& = \mathcal{L}_E(\tilde{\!\theta}, \!\phi) + \lambda \mathcal{L}_C(\!\phi), \quad \text{where} \; \*z^{(l)} = g(f(\!\phi, \!\epsilon^{(l)})) \; \text{and} \; \!\epsilon^{(l)} \sim p(\!\epsilon).\label{eq:erm_mc_hc}
%& \qquad \text{where} \quad \*z^{(l)} = g(f(\!\epsilon^{(l)}, \!\phi)) \quad \text{and} \quad \!\epsilon^{(l)} \sim p(\!\epsilon), \nonumber
\end{align}
Thus, run L rounds of random sampling of p(\!\epsilon) and use the average as the approximation.
For the noise distribution, the author propose a hard concrete distribution, which is a stretched version of the binary concrete distribution, where \log\alpha is the location and \beta is the temperature.
\begin{align}
u \sim \mathcal{U}(0, 1), \quad s = \text{Sigmoid}& \big((\log u  \log (1  u) + \log \alpha) / \beta\big), \quad \bar{s} = s(\zeta  \gamma) + \gamma,\\
%s\sim q_s(s\phi), \quad
z & = \min(1, \max(0, \bar{s})).
\end{align}
At test time, just use a discrete sample:
\begin{align}
\hat{\*z} = \min(\*1, \max(\*0, \text{Sigmoid}(\log\!\alpha)(\zeta  \gamma) + \gamma)), \qquad
\!\theta^* = \tilde{\!\theta}^* \odot \hat{\*z}\label{eq:fn_theta}.
\end{align}
It’s also possible to combine L_0 norm with L_2 norm. It’s straitforward to see the expected L_2 under Bernoulli gating can be expressed as:
\begin{align}
\E_{q(\*z\!\pi)}\big[\\!\theta\_2^2\big] = \sum_{j=1}^{\theta}\E_{q(z_j\pi_j)}\big[z_j^2\tilde{\theta}_j^2\big] = \sum_{j=1}^{\theta}\pi_j\tilde{\theta}_j^2,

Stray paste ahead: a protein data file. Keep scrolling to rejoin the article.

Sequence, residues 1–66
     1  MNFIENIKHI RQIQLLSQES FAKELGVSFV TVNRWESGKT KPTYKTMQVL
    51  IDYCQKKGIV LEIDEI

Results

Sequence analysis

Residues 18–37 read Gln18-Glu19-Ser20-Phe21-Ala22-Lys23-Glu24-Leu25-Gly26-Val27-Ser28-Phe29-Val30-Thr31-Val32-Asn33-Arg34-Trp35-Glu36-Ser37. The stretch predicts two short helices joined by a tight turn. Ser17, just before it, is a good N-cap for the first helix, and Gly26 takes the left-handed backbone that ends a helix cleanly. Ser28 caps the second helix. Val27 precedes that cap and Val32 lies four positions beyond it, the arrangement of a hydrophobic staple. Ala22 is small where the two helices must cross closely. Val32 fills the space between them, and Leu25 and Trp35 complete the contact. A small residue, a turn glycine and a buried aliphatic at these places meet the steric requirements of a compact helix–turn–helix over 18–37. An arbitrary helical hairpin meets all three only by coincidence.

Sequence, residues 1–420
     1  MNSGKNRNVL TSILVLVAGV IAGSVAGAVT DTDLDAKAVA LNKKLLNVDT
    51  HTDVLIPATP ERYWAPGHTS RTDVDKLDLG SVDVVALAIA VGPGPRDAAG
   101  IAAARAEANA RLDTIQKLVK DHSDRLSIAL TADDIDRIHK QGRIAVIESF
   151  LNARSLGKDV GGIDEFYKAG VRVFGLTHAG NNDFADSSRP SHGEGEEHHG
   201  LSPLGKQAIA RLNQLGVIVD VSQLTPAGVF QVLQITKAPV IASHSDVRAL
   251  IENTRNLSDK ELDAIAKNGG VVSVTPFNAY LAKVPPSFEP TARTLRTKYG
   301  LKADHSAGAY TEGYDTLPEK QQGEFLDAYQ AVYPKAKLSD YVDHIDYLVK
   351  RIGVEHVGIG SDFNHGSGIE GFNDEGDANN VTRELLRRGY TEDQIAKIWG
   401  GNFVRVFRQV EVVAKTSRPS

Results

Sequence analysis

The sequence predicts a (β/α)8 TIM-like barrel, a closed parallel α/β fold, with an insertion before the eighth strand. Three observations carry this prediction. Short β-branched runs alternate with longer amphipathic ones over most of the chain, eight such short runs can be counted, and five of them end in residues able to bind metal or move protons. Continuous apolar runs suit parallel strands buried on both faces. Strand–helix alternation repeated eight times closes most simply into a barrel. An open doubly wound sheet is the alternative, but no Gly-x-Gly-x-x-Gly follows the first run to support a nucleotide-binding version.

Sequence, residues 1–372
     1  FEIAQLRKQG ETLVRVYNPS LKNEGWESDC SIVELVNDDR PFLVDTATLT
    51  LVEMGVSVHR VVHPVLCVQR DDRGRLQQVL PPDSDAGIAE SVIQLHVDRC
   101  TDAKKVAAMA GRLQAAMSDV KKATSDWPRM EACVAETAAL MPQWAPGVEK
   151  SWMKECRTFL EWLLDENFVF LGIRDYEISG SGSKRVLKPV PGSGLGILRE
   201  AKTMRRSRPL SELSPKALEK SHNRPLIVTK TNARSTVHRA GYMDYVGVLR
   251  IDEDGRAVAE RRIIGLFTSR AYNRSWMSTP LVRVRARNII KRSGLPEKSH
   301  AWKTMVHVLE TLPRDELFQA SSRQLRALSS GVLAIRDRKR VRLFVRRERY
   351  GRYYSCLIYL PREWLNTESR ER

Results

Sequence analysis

\end{align}
It’s not differentiable but we can apply similar smooth techniques. Let’s assume \pi_j is proportional to the negative log density of a zero mean Gaussian prior with a standard deviation of \sigma=1 when z=0 else \sigma=z. Thus, the standard deviation of \hat{\theta} = \frac{\theta}{\sigma} will be 1 and its L_2 norm is as follows.
\begin{align}
\E_{q(\*z\!\phi)}\big[\\hat{\!\theta}\^2_2\big] &
= \sum_{j=1}^{\theta}\bigg( Q_{\bar{s}_j}(0\phi_j)\frac{0}{1} + \big(1  Q_{\bar{s}_j}(0\phi_j)\big)\E_{q(z_j\phi_j, \bar{s}_j > 0)}\bigg[\frac{\tilde{\theta}_j^2 \cancel{z_j^2}}{\cancel{z_j^2}}\bigg]\bigg) \nonumber \\
& = \sum_{j=1}^{\theta}\big(1  Q_{\bar{s}_j}(0\phi_j)\big)\tilde{\theta}_j^2.
\end{align}
We can also let a group of parameters share the same gate, which will give us similar penalties summed over groups.
\begin{align}
\E_{q(\*z\!\phi)}\bigg[\\!\theta\_0\bigg] & = \sum_{g=1}^{G}g\bigg(1  Q(s_g \leq 0\phi_g)\bigg) \\ \E_{q(\*z\!\phi)}\bigg[\\hat{\!\theta}\^2_2\bigg] &= \sum_{g=1}^{G}\bigg(\big(1  Q(s_g \leq 0\phi_g)\big)\sum_{j=1}^{g}\tilde{\theta}^2_j\bigg).
\end{align}
Overall Recommendation

5: Transformative: This paper is likely to change our field. It should be considered for a best paper award.

4.5: Exciting: It changed my thinking on this topic. I would fight for it to be accepted.

4: Strong: I learned a lot from it. I would like to see it accepted.

3.5: Leaning positive: It can be accepted more or less in its current form. However, the work it describes is not particularly exciting and/or inspiring, so it will not be a big loss if people don’t see it in this conference.

3: Ambivalent: It has merits (e.g., it reports stateoftheart results, the idea is nice), but there are key weaknesses (e.g., I didn’t learn much from it, evaluation is not convincing, it describes incremental work). I believe it can significantly benefit from another round of revision, but I won’t object to accepting it if my coreviewers are willing to champion it.

2.5: Leaning negative: I am leaning towards rejection, but I can be persuaded if my coreviewers think otherwise.

2: Mediocre: I would rather not see it in the conference.

1.5: Weak: I am pretty confident that it should be rejected.

1: Poor: I would fight to have it rejected.